Post-mortem: Coming Soon to City Politics

. November 7, 2018.
hildo

Deadlines being what they are, we write this column before the November election. But there are no excuses in politics, nor in opinion columns, so we bravely make post-election predictions before the elections are tallied. Writing in past tense while predicting the future is only one of the pitfalls of such bold prognostication, but we’re up to the task, so here goes.

By time you read this, the following will almost certainly have happened.

Bold Prediction Number One.

Speculation has begun swirling around a possible run for Toledo Mayor by Sandy Spang in twenty twenty-one. This is predicated in part on our fearless prediction that Spang has not been elected to the County Commission, and that Gary Byers has beaten her for that seat.

We think Byers will have won for two big reasons. First, he must have raised a kaboodle more campaign funds than Spang, given the fact he ran television ads for his race.

Television buys are extremely expensive, and the last thing a candidate spends money on. Byers on TV meant he spent lavish cabbage.

The other reason we predict Byers has won is early vote numbers. The early vote in Lucas County has been explosive so far, and given the political leanings of the County, most of those voters likely voted for the Democrat Byers. Early votes often predict a larger than usual overall voter turnout, which also bodes well for Byers.

If, against these odds, Spang has won and will soon be sworn in as a Commissioner, she still might run for Mayor. She’s the obvious candidate from the Republican side, having been elected citywide as an At-Large Councilperson twice. And she’d be running from cover, as they say, meaning she wouldn’t have to relinquish her Commissioner seat to run.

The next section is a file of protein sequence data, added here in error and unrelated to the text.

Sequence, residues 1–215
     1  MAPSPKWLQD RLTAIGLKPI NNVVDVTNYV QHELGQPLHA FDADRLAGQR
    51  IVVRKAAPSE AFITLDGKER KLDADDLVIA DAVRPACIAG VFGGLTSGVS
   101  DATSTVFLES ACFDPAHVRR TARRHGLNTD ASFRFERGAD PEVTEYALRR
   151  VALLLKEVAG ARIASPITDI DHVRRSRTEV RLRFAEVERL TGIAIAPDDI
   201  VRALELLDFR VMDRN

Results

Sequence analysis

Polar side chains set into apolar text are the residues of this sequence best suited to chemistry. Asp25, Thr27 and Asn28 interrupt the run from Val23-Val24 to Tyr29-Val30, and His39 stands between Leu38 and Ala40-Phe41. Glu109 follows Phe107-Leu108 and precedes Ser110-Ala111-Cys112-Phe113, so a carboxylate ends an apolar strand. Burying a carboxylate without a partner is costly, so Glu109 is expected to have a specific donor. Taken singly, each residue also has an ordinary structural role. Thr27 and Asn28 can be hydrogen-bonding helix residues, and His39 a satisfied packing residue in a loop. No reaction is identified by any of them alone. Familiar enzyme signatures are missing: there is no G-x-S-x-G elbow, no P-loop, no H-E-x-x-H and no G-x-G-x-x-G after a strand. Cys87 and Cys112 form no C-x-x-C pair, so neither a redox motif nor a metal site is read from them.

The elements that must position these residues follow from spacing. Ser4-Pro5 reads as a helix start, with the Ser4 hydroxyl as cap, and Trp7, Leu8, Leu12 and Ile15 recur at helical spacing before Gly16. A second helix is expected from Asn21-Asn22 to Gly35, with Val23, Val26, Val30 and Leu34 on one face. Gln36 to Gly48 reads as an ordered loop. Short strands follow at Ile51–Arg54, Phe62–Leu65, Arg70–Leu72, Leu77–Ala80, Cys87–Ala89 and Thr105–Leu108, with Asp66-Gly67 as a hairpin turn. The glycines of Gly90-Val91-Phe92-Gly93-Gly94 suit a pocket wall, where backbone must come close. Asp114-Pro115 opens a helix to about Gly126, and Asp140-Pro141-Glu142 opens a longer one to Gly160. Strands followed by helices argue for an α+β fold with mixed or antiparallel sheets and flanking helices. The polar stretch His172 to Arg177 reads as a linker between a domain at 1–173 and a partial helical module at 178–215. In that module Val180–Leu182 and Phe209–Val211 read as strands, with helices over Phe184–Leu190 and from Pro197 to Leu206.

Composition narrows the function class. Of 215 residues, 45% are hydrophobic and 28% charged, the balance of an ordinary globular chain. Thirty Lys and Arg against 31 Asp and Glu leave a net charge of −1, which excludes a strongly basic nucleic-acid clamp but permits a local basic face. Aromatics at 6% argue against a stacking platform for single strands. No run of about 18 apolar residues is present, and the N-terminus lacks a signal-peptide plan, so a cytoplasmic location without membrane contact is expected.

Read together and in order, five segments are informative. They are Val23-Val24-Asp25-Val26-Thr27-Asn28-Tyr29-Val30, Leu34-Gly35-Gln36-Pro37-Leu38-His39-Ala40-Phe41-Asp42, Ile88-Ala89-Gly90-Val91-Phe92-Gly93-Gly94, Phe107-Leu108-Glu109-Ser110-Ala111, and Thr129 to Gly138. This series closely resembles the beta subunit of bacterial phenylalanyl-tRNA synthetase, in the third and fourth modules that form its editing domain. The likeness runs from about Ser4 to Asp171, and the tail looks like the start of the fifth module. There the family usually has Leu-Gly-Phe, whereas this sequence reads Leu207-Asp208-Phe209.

If Byers won, Spang is certainly eyeing her next political move. Heck, in only five years in elected office, she has already run for Mayor and Commissioner. Sorta makes it obvious she has little interest in being a member of City Council. The only factor leaning against a mayoral run is she wouldn’t be running from cover, since her council election would also be in twenty twenty-one.

Still, you read it here first. Spang for Toledo is ramping up a run for the twenty-second floor.

Bold Prediction Number Two.

Huge voter turnout and higher than usual participation by Democrats has swept Lindsay Webb and Joe McNamara into office. No matter whether the purported Blue Wave materialized anywhere else. Here in the Swamp, Democrats will have surely voted in record numbers for a mid-term election.

The main beneficiaries of that wave will have been Byers, Webb, and McNamara, all Democrats. Webb was elected with relative ease, we predict. Last-ditch efforts by the local GOP to taint her with alleged political and personal missteps have failed, in part because of lack of cash to pound them into voters’ heads and make them stick.

Big Prediction Number Three.

Even though voting numbers have surged, there is still a huge generational discrepancy. Older people voted, younger people generally did not.

Various theories explaining this phenomenon will surface in the coming weeks. Here’s ours.

It’s a vicious cycle. Young people don’t vote. Candidates know that, do the simple electoral calculus, and rarely speak to issues that motivate younger people. Younger people are thus not motivated to vote, thinking none of the candidates care about their issues. So young people don’t vote. Lather, rinse, repeat.

We have little emotional investment in Big Predictions One or Two. Three matters to us, though. It matters a lot. We need the next generation to participate and engage in electoral politics so public policy can move bravely and swiftly toward the future.

For once in our run here at City Politics, we hope and pray we were wrong, and young people turned the tide, forcing candidates and elected officials to begin speaking to them.
The future of our beloved Frogtown depends on it.